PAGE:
And all the moments that was and that ever would be / Are full of trees and changing leaves.” — Virginia Woolf
Gwen Lin had plans for a mere two-year stay in Norway. It ended up being an unintended decade-long immigration. Originally from Taiwan, Gwen has lived in Norway since 2009. She is now a business owner and a working mom to a four year-old girl. She never contemplated moving abroad, but had always been attached to travelling and experiencing different cultures. Her open-minded grandmother took her on numerous foreign trips during her teenage years, which inspired her to seek new experiences.
Gwen arrived in Norway as a self-financed master’s student where she also worked part time to earn her living expenses. She completed her master’s degree in 2011 with a thesis titled Social integration of Businessmen in Norway. This thesis took Gwen on a journey of interviewing several immigrant businessmen, family-owned businesses, and power ladies who shared their thoughts on immigration and living in Norway, as well as how and why they started their own ventures instead of working for somebody else.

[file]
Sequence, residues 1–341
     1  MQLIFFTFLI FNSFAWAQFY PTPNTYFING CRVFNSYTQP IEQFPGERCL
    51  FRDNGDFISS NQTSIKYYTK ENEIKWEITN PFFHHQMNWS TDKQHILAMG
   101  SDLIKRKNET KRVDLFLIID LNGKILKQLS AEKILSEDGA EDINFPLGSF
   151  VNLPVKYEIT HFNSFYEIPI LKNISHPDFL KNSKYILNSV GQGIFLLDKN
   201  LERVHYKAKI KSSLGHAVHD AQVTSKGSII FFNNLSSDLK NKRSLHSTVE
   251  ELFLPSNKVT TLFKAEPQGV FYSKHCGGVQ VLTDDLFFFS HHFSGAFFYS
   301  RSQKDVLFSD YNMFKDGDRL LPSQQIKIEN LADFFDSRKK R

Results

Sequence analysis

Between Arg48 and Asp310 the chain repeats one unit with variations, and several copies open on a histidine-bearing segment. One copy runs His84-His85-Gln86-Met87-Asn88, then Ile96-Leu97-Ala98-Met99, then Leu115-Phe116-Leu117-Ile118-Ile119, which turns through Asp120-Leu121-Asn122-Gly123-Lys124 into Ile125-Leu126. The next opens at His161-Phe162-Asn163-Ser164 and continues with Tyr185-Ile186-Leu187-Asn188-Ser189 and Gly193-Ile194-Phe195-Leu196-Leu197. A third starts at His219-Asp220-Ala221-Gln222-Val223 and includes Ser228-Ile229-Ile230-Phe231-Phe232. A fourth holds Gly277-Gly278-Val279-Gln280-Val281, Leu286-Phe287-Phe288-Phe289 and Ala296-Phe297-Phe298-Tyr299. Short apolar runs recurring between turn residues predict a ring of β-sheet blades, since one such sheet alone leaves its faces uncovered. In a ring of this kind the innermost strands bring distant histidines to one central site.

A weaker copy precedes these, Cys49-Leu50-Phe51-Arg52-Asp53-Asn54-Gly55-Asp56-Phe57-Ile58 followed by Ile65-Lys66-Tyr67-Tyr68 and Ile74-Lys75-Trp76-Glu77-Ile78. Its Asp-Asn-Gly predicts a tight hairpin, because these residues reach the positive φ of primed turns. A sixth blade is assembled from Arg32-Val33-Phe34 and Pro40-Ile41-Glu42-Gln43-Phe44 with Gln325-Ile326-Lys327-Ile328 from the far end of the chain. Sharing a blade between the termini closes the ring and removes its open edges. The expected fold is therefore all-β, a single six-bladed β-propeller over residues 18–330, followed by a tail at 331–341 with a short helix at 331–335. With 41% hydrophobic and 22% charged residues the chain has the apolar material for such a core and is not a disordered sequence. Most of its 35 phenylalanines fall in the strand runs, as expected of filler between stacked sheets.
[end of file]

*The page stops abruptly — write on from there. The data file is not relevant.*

From being a student to juggling some part-time jobs as bartender, waitress, and newspaper deliverer, Gwen eventually had her own café and bar for two years before selling it. Afterwards, she settled for a quieter job in academia as a PhD student. Gwen had to eventually postpone her PhD completion after giving birth to her first baby.
Gwen moved from the west coast of Norway to the middle of the country. She also moved from the third largest city to a small countryside town where sheeps outnumbered human beings. Here, she and her husband restored a century-old property. Gwen now also runs a seasonal cabin rental business while maintaining her day job at a local Norwegian company.
Beyond this, Gwen’s passion is in the arts and photography. She is an opportunistic photographer who tells stories through her images. Gwen can manage to make something simple into something extraordinary.
For her, life isn’t always a walk down the rose garden. As admirable as it sounds to be working and living in beautiful Norway, Gwen has a keen appreciation of this Nordic society.er experiences reveal stark stories we might have otherwise never heard of.